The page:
VII. Concept Clearance: Better Defining Growth Medium to Improve Reproducibility of Cell Culture

Fetal bovine serum is the most widely used growth supplement for cell culture. Although serum is an effective growth promotor, it is variable in its composition, activity, and effects on cellular phenotypes, leading to reproducibility concerns. Dr. Amanda Melillo described plans to issue a funding announcement to support SBIR/STTR projects to develop reliable and cost-effective tools to better define growth medium and improve reproducibility of cell culture. The funding announcement will support technologies and products to expedite 1) development of serum substitutes, 2) identification of serum constituents that are effective in promoting the culture and responses of specific cell lines, and 3) troubleshooting of experimental variation stemming from variability in serum. Dr. Melillo requested, and received, Council approval to craft a funding announcement with a projected date for first awards in April 2019.

Contact: Dr. Amanda Melillo,, 301-594-0943

VIII. Evaluation of the NIGMS Bridges to the Doctorate (B2D) Program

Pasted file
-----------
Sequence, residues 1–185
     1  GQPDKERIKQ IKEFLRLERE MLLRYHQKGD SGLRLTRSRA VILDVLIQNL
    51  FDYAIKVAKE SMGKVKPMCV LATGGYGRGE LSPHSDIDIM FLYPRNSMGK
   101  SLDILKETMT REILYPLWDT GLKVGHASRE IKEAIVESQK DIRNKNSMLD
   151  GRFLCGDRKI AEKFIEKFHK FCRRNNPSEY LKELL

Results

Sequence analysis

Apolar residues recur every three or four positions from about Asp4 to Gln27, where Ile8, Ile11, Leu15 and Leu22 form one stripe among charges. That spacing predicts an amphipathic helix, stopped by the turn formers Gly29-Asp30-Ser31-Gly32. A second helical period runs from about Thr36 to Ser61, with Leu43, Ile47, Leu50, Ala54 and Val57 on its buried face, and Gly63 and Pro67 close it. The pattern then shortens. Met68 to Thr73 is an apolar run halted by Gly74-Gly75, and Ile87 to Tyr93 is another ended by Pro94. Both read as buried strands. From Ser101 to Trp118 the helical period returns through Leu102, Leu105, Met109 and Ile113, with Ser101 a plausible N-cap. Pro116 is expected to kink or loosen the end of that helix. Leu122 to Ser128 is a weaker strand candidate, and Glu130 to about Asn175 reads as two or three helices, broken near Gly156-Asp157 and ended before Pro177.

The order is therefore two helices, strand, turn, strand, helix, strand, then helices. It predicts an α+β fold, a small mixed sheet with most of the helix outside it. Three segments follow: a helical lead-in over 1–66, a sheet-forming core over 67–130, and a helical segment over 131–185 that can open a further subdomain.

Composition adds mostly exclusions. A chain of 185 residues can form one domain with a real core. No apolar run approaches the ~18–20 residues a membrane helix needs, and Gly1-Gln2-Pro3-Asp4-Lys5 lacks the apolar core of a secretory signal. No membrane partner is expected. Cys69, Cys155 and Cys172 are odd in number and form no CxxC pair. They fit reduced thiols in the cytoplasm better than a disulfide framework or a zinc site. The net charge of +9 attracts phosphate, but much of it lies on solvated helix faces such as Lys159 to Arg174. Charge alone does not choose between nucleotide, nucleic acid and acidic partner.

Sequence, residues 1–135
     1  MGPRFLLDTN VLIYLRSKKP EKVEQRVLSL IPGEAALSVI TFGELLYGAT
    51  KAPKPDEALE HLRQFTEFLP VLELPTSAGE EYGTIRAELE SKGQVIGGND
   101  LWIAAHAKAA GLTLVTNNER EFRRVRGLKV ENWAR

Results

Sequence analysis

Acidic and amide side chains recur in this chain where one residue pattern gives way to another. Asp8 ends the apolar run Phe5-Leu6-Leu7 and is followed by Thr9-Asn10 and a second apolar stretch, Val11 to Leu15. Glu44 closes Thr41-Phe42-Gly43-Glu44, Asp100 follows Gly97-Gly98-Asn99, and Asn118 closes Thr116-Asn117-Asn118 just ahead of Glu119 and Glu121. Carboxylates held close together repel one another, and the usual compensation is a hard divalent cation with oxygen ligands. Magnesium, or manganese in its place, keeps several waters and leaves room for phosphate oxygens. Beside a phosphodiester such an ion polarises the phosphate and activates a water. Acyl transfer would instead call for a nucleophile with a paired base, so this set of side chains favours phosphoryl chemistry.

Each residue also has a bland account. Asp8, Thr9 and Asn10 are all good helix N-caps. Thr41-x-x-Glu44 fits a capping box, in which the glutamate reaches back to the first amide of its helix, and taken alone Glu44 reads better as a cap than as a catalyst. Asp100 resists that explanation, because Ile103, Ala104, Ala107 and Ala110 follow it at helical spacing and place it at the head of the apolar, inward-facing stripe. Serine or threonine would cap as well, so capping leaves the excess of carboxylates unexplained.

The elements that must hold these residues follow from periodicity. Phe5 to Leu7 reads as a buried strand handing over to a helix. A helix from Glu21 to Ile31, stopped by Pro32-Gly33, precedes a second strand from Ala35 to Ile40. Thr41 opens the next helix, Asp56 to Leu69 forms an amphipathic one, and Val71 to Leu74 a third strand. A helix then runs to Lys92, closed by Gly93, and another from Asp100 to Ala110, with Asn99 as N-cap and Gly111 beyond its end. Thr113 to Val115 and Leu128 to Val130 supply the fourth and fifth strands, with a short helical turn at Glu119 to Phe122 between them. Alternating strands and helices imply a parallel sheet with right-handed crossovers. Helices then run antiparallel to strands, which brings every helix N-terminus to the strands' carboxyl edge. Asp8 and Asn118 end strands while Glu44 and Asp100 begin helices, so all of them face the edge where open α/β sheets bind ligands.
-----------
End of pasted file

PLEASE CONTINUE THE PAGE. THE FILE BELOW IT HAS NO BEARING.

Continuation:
The NIGMS Office of Program Planning, Analysis, and Evaluation (OPAE) coordinated an evaluation of the Institute's Bridges to the Doctorate (B2D) program to inform decisions regarding the future of the program. Dr. James Skeath of Washington University in St. Louis chaired a sub-committee of the NIGMS Council composed of members of the scientific and academic community with relevant expertise and experience to assess B2D. Dr. Skeath presented the findings of this group that met on May 2, 2018; he discussed assessments based on indicators of outcomes of the program in terms of M.S. and Ph.D. degree completion and ultimate career positions for B2D participants, particularly for those from groups underrepresented in biomedical research. Dr. Skeath noted that data quality and availability presented significant challenges in the B2D evaluation, and, in turn, in deriving conclusions. He also described asymmetric success across programs. Based on the findings, the sub-committee recommends 1) improving data collection, especially longitudinal tracking of trainees; and 2) focusing on successful programs and applying best practices to others.